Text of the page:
Research at the LIN is dedicated to the study of brain mechanisms of learning and memory and their pathophysiological dysfunction. The unique interdisciplinary approach comprises molecular biological, cellular and systems physiological as well as behavioural and cognitive aspects of brain processes.
The institute was founded in 1992. In 2011 it moved into the new institute building. It is structured into four departments, six research groups, and five special labs.
Main research topics are:
- Interaction of attention, motivation, and learning in human behavior, both in healthy volunteers and in patients with dysfunctions in evaluation and motivation,
- Stereotactic neurosurgery and Deep Brain Stimulation,
- Systems physiology of acoustic pattern processing including language and learning plasticity in the auditory cortex,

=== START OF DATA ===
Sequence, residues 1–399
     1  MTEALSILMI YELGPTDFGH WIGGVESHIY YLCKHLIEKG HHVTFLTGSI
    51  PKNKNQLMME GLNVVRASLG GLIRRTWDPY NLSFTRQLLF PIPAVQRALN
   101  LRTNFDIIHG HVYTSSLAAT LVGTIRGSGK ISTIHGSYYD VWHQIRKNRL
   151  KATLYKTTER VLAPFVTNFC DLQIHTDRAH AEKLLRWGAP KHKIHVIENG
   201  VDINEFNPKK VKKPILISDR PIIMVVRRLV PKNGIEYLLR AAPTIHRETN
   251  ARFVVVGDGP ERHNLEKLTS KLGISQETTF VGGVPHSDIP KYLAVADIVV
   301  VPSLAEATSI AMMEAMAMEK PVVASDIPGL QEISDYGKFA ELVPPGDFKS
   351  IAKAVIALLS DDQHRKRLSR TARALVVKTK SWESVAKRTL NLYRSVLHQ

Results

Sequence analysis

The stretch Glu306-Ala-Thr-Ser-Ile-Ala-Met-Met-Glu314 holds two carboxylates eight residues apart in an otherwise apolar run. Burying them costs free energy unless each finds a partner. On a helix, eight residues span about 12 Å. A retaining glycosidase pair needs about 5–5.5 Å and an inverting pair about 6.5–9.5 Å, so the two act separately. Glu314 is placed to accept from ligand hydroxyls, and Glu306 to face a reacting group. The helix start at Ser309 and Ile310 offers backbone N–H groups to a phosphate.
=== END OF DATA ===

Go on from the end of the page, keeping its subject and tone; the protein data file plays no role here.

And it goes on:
- Discovery of novel molecular components in CNS synapses, their topological organization, and functional interplay in neuronal signaling processes.
The Research Groups are headed by young scientists. Their research is complementary to the departments and devoted to mechanisms of visual attention and plasticity, to plasticity-related molecules and signaling pathways within neurons, to Systems Biology of learning in Drosophila, and to the pathophysiology and pharmacology of cerebral ischemia.
The special labs for Electron and Laser Scanning Microscopy, Molecular Biological Techniques, Neurogenetics, Primate Neurobiology and Non- Invasive Brain Imaging provide state-of-the-art technology and know-how for the research groups and departments and work on their own third party-funded scientific projects nonetheless.
The LIN is a cornerstone of the Magdeburg science campus „Center for Behavioral Brain Sciences“ (CBBS). LIN scientists are involved in four DFG-funded Collaborative Research Centres „Neurobiology of motivated Behaviour“ and „Molecular Organisation of Cellular Communication in the Immune System“, „A Companion Technology for Cognitive Technical Systems“ and „The Active Auditory System“.
The Leibniz Institute for Neurobiology launched its own PhD program comprising the „SynAGE Graduate Program“ and the Marie Curie Initial Training Network „N-Plast“.